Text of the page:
Author Cary Ginell puts together a strong case for greater renown for Pittsburgh native Billy Eckstine in his new biography of the singer-bandleader.
In the quick-moving "Mr. B: The Music and Life of Billy Eckstine," the music historian delivers a detailed account of the singer (1914-93) who stayed popular for five decades. But, perhaps more importantly, he also put together a big band that moved jazz into the bebop era with stars such as Dizzy Gillespie, Miles Davis and Charlie Parker.
Yet, Ginell bemoans, "despite the trails he blazed as popular music's first African-American romantic icon, his legacy has been obscured" largely because of the night-club nature of his work.
The book is filled with detail including the Germanic heritage of the family, dating back to William Eckstein, who emigrated to the United States in the 1850s. William Eckstein's son, Billy's grandfather, married an African-American woman in the 1880s.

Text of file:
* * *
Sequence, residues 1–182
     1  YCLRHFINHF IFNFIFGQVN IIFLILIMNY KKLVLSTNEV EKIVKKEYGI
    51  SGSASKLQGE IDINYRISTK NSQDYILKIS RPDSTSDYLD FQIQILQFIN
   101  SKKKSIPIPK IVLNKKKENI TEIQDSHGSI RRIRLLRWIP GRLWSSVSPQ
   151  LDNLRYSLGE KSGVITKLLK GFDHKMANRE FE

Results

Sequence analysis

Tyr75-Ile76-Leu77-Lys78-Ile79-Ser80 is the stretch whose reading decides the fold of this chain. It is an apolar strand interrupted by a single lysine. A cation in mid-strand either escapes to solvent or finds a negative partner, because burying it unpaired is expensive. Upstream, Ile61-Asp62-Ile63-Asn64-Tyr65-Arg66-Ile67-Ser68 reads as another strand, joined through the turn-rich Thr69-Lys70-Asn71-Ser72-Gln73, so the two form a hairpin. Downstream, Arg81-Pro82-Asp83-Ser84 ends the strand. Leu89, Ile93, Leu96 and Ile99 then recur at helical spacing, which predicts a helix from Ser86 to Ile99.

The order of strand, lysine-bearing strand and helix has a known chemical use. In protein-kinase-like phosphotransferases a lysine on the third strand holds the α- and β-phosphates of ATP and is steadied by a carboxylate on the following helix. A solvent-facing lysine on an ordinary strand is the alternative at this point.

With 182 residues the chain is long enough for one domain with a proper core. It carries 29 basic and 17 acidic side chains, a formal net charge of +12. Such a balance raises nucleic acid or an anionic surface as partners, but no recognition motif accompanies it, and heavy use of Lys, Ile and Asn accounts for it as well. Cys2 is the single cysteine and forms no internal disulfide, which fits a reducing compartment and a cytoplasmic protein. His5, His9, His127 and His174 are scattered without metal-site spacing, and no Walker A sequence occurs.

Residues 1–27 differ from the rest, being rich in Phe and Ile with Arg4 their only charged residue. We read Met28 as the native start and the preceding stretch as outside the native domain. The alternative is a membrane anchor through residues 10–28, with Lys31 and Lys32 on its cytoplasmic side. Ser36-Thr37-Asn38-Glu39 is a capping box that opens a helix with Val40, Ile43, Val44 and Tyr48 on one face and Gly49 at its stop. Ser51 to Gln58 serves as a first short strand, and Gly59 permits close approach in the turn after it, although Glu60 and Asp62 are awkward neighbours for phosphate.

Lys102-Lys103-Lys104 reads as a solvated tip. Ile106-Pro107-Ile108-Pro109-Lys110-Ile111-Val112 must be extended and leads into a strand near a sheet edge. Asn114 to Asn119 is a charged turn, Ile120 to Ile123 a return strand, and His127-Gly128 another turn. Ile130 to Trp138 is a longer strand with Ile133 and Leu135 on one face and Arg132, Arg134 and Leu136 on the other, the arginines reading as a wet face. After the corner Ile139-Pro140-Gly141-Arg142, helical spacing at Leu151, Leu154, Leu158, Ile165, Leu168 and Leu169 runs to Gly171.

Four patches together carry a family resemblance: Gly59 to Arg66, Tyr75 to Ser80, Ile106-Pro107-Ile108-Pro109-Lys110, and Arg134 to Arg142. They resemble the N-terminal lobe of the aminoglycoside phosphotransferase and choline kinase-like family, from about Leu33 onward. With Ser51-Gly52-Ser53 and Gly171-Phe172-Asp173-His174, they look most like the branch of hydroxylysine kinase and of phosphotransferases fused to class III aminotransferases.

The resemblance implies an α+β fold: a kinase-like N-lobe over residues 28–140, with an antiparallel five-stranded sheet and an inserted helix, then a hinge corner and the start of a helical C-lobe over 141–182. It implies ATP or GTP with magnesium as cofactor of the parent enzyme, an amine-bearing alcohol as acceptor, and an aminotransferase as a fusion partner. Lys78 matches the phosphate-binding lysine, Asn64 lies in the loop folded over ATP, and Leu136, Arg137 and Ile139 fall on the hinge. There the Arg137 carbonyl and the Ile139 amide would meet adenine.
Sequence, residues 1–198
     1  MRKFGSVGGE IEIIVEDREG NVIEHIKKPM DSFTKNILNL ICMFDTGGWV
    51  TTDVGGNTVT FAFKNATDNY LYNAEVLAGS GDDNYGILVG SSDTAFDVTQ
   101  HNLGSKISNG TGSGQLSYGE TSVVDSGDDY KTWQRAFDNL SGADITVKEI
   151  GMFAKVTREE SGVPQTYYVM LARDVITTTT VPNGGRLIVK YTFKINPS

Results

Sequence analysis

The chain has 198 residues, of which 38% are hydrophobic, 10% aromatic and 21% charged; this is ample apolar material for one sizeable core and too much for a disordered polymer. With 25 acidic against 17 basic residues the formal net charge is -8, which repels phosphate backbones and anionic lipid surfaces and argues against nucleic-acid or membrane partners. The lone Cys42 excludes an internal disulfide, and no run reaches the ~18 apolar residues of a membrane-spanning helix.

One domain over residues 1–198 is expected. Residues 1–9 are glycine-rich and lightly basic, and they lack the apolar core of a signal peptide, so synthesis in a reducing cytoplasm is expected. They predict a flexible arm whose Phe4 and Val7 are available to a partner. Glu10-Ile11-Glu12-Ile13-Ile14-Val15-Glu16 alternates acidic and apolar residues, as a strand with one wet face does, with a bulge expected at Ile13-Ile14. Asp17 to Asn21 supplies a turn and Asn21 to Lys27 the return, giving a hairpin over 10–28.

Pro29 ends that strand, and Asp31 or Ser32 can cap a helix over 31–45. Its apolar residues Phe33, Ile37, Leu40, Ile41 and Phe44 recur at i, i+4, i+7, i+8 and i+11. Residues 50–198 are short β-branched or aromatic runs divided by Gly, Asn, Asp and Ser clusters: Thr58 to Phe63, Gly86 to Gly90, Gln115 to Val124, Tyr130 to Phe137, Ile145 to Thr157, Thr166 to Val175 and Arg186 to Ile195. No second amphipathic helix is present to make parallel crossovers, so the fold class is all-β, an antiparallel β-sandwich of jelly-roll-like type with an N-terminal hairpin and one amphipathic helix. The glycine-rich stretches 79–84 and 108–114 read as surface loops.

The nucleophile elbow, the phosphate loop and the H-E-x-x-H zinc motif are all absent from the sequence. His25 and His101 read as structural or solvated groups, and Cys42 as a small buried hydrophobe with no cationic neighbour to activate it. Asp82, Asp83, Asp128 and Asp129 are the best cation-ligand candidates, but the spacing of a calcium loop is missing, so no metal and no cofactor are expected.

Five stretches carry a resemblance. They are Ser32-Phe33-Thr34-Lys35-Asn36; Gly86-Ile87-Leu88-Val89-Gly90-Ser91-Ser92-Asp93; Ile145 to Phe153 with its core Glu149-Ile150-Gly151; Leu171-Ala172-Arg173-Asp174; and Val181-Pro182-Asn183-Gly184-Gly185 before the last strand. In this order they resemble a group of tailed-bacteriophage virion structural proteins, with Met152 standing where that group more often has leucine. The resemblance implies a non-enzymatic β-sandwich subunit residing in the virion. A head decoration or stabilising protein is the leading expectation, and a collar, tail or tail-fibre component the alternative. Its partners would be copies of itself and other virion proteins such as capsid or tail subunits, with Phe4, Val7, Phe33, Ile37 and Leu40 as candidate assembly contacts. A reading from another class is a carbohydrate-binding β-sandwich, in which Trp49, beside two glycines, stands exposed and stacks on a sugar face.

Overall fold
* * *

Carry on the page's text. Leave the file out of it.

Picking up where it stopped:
Billy's name was changed to Eckstine by a promoter who was irked at some audiences thinking he was Jewish, not black.
The book details, sometimes record by record, Eckstine's career as a singer, nightclub star and bandleader. But the biggest part of his career was in the midst of a record strike by the American Federation of Musicians, limiting his audience.
As rock 'n' roll and rhythm-and-blues grabbed the public in the 1950s, his vibrato-laden style took more hits.
Ginell says Eckstine's efforts to be an African-American version of Frank Sinatra show a "sense of purpose" similar to that of Jackie Robinson's.
Bob Karlovits is a staff writer for Trib Total Media. He can be reached at email@example.com or 412-320-7852.
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